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Open AccessArticle

Discrimination of DNA Methylation Signal from Background Variation for Clinical Diagnostics

Departments of Biology and Plant Science, The Pennsylvania State University, University Park, PA 16802, USA
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Int. J. Mol. Sci. 2019, 20(21), 5343; https://doi.org/10.3390/ijms20215343
Received: 3 September 2019 / Revised: 9 October 2019 / Accepted: 24 October 2019 / Published: 27 October 2019
(This article belongs to the Collection Technical Pitfalls and Biases in Molecular Biology)
Advances in the study of human DNA methylation variation offer a new avenue for the translation of epigenetic research results to clinical applications. Although current approaches to methylome analysis have been helpful in revealing an epigenetic influence in major human diseases, this type of analysis has proven inadequate for the translation of these advances to clinical diagnostics. As in any clinical test, the use of a methylation signal for diagnostic purposes requires the estimation of an optimal cutoff value for the signal, which is necessary to discriminate a signal induced by a disease state from natural background variation. To address this issue, we propose the application of a fundamental signal detection theory and machine learning approaches. Simulation studies and tests of two available methylome datasets from autism and leukemia patients demonstrate the feasibility of this approach in clinical diagnostics, providing high discriminatory power for the methylation signal induced by disease, as well as high classification performance. Specifically, the analysis of whole biomarker genomic regions could suffice for a diagnostic, markedly decreasing its cost. View Full-Text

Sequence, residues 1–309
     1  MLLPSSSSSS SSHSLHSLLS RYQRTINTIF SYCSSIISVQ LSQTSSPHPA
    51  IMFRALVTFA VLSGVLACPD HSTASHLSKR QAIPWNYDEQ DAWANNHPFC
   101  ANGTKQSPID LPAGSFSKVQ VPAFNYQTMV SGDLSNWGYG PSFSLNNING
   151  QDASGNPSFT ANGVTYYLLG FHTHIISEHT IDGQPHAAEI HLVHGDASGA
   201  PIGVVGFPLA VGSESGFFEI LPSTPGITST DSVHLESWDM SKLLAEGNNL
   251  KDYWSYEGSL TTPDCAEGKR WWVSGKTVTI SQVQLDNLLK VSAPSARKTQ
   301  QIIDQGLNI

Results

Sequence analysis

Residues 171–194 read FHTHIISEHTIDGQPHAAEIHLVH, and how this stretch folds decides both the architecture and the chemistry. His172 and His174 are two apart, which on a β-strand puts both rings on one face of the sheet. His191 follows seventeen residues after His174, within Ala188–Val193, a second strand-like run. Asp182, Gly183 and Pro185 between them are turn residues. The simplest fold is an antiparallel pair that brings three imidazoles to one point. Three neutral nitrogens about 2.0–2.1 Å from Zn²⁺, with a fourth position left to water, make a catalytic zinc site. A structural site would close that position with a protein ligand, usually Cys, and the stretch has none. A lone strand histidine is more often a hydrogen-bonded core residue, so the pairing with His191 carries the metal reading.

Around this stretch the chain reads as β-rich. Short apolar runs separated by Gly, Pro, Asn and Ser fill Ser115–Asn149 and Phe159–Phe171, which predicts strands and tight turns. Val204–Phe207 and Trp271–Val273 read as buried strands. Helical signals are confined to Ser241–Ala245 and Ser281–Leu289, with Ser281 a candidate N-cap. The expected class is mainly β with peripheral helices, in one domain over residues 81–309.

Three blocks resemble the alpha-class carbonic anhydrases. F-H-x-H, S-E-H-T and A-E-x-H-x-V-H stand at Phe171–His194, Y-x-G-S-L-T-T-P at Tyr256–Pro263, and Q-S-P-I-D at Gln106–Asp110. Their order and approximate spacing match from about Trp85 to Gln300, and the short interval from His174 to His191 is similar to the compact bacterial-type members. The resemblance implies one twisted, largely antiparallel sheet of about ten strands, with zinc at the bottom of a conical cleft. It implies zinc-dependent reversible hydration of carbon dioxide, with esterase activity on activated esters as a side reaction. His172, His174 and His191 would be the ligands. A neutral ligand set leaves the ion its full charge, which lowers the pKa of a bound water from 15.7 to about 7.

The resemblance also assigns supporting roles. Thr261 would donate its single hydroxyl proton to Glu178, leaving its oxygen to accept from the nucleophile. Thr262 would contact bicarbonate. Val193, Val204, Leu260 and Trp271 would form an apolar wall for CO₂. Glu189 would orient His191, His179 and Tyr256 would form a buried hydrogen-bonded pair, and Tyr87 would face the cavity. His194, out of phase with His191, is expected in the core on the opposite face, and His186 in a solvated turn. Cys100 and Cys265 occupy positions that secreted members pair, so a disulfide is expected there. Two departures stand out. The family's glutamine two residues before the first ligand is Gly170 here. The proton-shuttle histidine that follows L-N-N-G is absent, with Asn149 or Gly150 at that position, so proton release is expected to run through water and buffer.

Keywords: DNA methylation; signal detection; machine learning; leukemia; autism; clinical diagnostic DNA methylation; signal detection; machine learning; leukemia; autism; clinical diagnostic
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Sanchez, R.; Yang, X.; Maher, T.; Mackenzie, S.A. Discrimination of DNA Methylation Signal from Background Variation for Clinical Diagnostics. Int. J. Mol. Sci. 2019, 20, 5343.

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